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Beyond Multiple Choice — Thought, Language, and Assessment

Elisabeth Sullivan

When Edward and Michelle Trudeau’s daughter, Anya, enrolled in St. Jerome Academy’s sixth grade after years of classical homeschooling, she was a bit nervous about her first standardized test. The format was alien to her. As her parents tell it, they did not know what to expect when they arrived at school to pick her up afterwards. Anya’s reaction, however, captures a stark reality from a child who had been taught to think well: “Mom, it was so easy! All the answers were on the test!”

This is an indictment of the primary tool of modern education: the multiple-choice test. Introduced a century ago for its utility and affordability, it was designed for mass measurement with no regard for its affect on students. Today the multiple-choice test dominates education. Many teachers unsuspectingly include it in classroom assessment. A closer look, however, reveals this format as the Trojan Horse of education; it not only has forced curricula to bow to the dictates of high-stakes testing, but also has invaded the very process of thinking and learning.

A multiple-choice question merely asks a student to take a 25 percent chance of recognizing the right answer. By contrast, asking a student to write or say even one sentence on a given topic asks her to recollect (re-collect) what she knows, form a thought about it, and express it in a comprehensible way.  

Thought and language cannot be separated. We reason with words. The most striking distinction of a classical liberal arts approach to education is its vibrant use of language: discussion, speaking, listening, questioning, reading, reciting, retelling, re-enacting, debating, and delivering speeches. Frequent writing deserves a central role, because it requires more focus and precision. Thinking is unavoidable in all these activities, and therefore, students are naturally engaged. Thinking happens to be fun.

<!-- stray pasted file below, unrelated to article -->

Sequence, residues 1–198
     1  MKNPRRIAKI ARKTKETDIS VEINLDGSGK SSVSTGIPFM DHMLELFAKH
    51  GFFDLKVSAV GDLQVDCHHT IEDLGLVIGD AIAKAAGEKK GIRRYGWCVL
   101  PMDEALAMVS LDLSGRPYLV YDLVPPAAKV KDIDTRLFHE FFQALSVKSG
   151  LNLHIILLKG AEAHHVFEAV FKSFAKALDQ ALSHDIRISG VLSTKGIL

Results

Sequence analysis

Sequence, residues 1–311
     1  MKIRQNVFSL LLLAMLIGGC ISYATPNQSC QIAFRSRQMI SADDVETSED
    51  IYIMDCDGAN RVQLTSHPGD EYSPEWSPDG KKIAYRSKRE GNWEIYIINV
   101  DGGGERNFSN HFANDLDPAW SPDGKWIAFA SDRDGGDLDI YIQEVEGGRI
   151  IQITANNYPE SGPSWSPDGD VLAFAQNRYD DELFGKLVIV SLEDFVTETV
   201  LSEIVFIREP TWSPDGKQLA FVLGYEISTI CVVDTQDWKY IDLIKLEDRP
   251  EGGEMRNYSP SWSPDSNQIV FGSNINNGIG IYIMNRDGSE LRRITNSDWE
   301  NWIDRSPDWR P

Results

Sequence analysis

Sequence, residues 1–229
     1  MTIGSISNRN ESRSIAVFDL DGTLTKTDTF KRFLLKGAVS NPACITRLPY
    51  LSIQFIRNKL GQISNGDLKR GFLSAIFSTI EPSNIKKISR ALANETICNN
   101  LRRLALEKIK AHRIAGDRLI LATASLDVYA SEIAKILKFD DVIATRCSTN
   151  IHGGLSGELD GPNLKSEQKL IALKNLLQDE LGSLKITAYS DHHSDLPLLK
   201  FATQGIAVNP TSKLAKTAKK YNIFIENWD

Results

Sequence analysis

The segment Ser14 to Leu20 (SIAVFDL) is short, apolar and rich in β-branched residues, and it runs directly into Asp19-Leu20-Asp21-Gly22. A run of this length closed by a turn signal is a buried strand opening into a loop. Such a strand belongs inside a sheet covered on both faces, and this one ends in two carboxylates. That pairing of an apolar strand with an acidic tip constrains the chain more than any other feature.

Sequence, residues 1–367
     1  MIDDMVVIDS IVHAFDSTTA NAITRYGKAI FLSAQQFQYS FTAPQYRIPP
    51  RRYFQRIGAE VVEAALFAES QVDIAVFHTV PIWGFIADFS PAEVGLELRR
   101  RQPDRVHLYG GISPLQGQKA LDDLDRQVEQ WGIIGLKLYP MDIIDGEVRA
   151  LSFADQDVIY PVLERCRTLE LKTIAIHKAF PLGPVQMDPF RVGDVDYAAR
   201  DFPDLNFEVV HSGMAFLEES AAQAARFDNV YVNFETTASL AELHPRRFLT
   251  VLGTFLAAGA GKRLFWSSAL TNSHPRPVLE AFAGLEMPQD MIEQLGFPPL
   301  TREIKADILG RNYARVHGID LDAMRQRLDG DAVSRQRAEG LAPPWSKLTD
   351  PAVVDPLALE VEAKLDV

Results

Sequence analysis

Language is the vehicle that drives us to continually refine our perception of what is true. Nouns name things, either rightly or wrongly. Sentences declare order and relationships that either correspond to, or misrepresent, reality. The very act of constructing a sentence, spoken or written, coaxes the mind to see, to order, and to communicate a truth or idea. This is not a matter for grammar class alone. Every time a student expresses knowledge in complete sentences (including mathematical sentences in symbols), she builds her capacity for reason and understanding. Filling in bubbles, blanks, word searches, and true/false boxes robs her of that opportunity.

Therefore, the very form of these Industrial Age assessment techniques perpetuates the fragmentation of modern learning; they portray reality as isolated facts without meaning or relationship. They dull the mind to the active search for true understanding and to the joy of discovery. Further, isolated facts live only in short-term memory. They have not been woven into one’s grasp of the nature, the purpose, and the connections between all that is.

Language is the tool that connects and illuminates the facts. True education recognizes that the mastery of language is the foundation for lifelong learning and true freedom. For centuries, the arts of language known as the Trivium (grammar, logic, and rhetoric) formed the basis of all liberal learning. In her classic 1937 book on the subject, Sister Miriam Joseph, C.S.C., Ph.D, writes: